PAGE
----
By Geoffrey Smith
Investing.com -- U.K. households and businesses face a smaller, but perhaps longer-lasting, rise in their energy bills than seemed likely a couple of weeks ago.
New Prime Minister Liz Truss told the House of Commons on Thursday that she intends to set the maximum dual-fuel bill for a typical family home at 2,500 pounds ($2,880) a year for two years, starting in October. That's over 1,000 pounds less than had appeared likely after the U.K. energy regulator Ofgem's latest review of its price formula. However, it still represents an increase of more than 100% from what households were paying last winter.
Households will still receive the 400-pound rebate promised them earlier this year by the previous government led by Boris Johnson.
In addition, Truss said, there will be a new six-month relief scheme for businesses and charities which will aim to give equivalent support. She also promised "focused support" to vulnerable industries after that scheme expires.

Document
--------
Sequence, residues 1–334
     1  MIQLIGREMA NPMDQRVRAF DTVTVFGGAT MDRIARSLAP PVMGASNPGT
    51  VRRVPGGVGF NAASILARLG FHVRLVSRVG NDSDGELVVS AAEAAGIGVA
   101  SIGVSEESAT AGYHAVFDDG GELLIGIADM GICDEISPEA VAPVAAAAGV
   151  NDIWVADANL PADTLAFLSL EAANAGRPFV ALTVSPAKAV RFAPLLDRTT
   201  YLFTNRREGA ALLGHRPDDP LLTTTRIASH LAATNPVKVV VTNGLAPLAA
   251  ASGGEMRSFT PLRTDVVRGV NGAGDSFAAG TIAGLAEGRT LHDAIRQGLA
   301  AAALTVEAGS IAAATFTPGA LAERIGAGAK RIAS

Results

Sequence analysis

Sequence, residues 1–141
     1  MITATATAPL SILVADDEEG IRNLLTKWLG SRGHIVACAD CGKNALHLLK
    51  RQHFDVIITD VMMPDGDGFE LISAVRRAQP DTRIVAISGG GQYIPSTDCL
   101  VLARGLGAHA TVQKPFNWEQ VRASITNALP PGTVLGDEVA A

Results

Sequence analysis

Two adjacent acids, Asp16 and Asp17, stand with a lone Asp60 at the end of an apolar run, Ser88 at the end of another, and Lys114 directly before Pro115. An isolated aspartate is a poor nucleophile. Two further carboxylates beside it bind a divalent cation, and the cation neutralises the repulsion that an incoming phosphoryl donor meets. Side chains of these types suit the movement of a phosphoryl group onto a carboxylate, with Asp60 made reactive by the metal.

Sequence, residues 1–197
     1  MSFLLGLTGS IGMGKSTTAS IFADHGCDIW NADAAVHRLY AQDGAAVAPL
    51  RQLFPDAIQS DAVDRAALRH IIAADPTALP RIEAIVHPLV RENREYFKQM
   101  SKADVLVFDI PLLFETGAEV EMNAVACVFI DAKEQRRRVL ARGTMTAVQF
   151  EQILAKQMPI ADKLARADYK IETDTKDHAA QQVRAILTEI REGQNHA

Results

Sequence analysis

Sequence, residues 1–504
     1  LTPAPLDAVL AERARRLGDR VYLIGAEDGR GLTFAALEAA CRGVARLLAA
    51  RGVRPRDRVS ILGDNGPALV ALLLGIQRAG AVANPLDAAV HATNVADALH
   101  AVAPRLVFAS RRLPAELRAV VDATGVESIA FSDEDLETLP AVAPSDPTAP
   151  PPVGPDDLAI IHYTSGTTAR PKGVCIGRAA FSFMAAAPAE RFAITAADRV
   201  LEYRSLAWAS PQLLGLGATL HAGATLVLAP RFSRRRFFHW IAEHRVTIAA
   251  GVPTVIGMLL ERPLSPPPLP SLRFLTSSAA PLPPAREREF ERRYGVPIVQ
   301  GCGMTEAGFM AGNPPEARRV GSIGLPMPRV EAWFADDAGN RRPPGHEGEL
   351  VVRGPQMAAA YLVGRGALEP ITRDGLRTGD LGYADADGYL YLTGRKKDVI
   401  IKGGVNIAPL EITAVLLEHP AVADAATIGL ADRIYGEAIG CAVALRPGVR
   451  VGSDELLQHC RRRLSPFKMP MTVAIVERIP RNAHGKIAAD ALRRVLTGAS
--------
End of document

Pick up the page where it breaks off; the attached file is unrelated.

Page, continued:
The government will aim to identify which sectors need support within three months, Truss added.
Truss avoided giving much detail about how the plan will be financed, a key worry that has weighed on sterling and on U.K. government bond markets in the last month. Markets will have to wait up to a month for the new Chancellor of the Exchequer, Kwasi Kwarteng, to spell out those plans.
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